Diane Ryland Contributes to key international guidelines on Animal Welfare

November 2016

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Diane Ryland has been working with the International Organization for Standardization (ISO) to produce authoritative guidance and requirements for animal welfare for organisations in the food supply chain. These guidlines have now been published and are available at :

http://www.iso.org/iso/home/store/catalogue_tc/catalogue_detail.htm?csnumber=64749

The drafting of this management tool has been the subject of negotiation in Working Group 16, prior to adoption by ISO Technical Committee 34 Food Products comprised of 78 Member Countries world wide. Diane Ryland, Senior Lecturer, Lincoln Law School, has attended and participated in three significant contributory Working Group 16 meetings held at the World Organisation for Animal Health (OIE), 12 Rue de Prony, Paris, in May 2015, December 2015 and September 2016, respectively [The OIE having Observer Status].

Its purpose is to provide requirements and guidance so as to ensure the welfare of animals raised for food or feed production. A primary objective is to facilitate the implementation of the animal welfare principles as described in the introduction to the recommendation for animal welfare of the OIE Terrestrial Animal Health Code (TAHC) (Chapter 7.1.) Its provisions apply to those aspects for which a species-specific animal welfare chapter has been adopted in the OIE TAHC, currently beef cattle, broiler chicken, and dairy cattle, production systems, together with the chapters on slaughter and transportation of animals. The scope will be revised and extended commensurate with the adoption/amendment of OIE TAHC animal welfare provision. It is also anticipated that its use will provide guidance for the implementation of public and/or private standards that meet at least the OIE TAHC, facilitative, thus, of the integration of animal welfare principles in business to business relations.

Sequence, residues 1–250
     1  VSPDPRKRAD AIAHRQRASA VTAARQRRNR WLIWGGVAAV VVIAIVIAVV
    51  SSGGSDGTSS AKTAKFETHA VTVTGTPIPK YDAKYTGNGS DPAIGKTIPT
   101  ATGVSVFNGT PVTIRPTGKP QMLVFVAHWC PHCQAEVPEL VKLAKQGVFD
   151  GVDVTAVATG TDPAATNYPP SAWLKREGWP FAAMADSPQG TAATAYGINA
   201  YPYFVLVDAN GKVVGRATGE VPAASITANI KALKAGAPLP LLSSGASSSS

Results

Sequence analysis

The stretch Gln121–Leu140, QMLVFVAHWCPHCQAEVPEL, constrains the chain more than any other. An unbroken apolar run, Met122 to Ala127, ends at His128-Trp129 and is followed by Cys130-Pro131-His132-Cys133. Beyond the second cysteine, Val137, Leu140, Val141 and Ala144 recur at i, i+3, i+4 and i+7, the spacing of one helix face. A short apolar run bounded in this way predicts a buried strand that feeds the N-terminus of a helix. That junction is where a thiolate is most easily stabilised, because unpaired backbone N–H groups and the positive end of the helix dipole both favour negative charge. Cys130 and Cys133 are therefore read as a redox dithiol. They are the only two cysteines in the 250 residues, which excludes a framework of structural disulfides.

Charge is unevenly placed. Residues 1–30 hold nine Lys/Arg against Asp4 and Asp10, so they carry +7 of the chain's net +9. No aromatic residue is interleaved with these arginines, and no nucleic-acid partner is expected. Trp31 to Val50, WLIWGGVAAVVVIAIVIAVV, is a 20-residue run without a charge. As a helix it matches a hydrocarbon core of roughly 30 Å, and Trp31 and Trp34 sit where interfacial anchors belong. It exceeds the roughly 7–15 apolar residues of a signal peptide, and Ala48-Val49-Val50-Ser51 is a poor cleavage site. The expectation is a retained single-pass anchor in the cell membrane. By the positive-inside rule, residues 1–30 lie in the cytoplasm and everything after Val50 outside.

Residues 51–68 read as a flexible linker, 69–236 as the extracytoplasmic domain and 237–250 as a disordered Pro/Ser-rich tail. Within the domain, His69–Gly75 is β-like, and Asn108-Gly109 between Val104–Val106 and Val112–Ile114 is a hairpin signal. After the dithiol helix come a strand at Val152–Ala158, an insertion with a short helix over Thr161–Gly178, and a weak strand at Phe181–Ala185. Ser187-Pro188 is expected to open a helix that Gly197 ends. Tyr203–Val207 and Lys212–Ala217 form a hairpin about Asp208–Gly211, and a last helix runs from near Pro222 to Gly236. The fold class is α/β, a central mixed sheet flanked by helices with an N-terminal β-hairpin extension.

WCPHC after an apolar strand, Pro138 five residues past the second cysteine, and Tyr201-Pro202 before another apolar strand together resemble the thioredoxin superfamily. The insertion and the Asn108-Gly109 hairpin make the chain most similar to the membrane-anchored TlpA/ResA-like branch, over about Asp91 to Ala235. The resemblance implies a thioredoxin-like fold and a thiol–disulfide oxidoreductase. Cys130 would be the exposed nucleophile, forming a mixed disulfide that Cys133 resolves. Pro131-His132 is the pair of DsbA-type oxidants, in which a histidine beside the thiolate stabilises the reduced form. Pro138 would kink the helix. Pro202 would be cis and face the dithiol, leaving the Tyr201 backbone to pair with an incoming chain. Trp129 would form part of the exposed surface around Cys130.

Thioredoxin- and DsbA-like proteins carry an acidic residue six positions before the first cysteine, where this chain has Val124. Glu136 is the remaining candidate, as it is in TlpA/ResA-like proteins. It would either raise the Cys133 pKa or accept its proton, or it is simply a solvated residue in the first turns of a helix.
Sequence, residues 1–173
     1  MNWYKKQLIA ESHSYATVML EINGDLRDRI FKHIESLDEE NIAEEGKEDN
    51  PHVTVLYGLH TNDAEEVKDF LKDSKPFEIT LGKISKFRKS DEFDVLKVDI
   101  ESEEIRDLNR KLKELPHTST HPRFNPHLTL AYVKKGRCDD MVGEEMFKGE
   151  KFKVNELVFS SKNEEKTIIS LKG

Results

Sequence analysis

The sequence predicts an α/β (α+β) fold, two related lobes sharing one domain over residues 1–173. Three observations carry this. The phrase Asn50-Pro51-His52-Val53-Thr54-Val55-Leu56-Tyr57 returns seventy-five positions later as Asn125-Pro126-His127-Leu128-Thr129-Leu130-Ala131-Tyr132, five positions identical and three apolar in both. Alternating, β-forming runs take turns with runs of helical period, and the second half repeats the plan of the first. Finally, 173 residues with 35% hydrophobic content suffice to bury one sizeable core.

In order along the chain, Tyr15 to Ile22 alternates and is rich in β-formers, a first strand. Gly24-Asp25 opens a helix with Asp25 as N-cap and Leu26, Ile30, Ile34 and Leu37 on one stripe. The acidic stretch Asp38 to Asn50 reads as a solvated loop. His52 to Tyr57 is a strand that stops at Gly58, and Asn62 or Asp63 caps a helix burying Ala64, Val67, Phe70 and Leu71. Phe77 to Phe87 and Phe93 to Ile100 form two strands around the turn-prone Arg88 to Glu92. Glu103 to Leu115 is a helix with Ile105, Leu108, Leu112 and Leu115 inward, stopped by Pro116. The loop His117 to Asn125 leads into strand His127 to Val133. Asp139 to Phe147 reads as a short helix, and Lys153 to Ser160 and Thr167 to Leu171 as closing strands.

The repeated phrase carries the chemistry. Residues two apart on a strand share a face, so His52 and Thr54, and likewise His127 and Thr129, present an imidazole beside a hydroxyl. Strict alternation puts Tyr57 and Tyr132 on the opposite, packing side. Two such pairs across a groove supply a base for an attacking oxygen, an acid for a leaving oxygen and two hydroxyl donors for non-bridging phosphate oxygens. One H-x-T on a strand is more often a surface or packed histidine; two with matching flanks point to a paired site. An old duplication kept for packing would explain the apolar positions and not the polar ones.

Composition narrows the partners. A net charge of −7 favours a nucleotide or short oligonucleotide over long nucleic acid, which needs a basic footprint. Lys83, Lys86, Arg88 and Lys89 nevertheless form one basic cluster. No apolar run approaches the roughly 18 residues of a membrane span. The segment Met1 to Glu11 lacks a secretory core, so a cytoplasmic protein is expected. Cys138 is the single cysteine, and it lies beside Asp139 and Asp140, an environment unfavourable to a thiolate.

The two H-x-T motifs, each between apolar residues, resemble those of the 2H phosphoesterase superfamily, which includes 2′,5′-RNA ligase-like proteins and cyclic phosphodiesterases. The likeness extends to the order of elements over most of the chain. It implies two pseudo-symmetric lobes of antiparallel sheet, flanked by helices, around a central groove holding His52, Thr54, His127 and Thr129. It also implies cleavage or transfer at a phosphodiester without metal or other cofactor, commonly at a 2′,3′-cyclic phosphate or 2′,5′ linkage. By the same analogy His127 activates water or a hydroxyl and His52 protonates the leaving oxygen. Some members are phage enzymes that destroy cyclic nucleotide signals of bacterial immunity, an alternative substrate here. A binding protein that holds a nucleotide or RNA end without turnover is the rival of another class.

It is a landmark document, which presents very many opportunities, one of which is to act as a bridge between the public and private sphere in the setting and monitoring of animal welfare standards. Working towards the implementation of the animal welfare standards of the OIE, which are embedded in science, will serve to establish a minimum floor of animal welfare protection, and be a determinant of market access for agri-produce. It is to be hoped that, while meeting at least the animal welfare standards of the OIE TAHC, the scope then to elevate standards of animal welfare by private animal welfare standards and certification bodies will be practised in a global market for added value agricultural produce raising the threshold of animal welfare protection. Animal welfare governance has evolved into a hybrid concept and it will be a very interesting exercise to see how this Technical Specification will be used.
  

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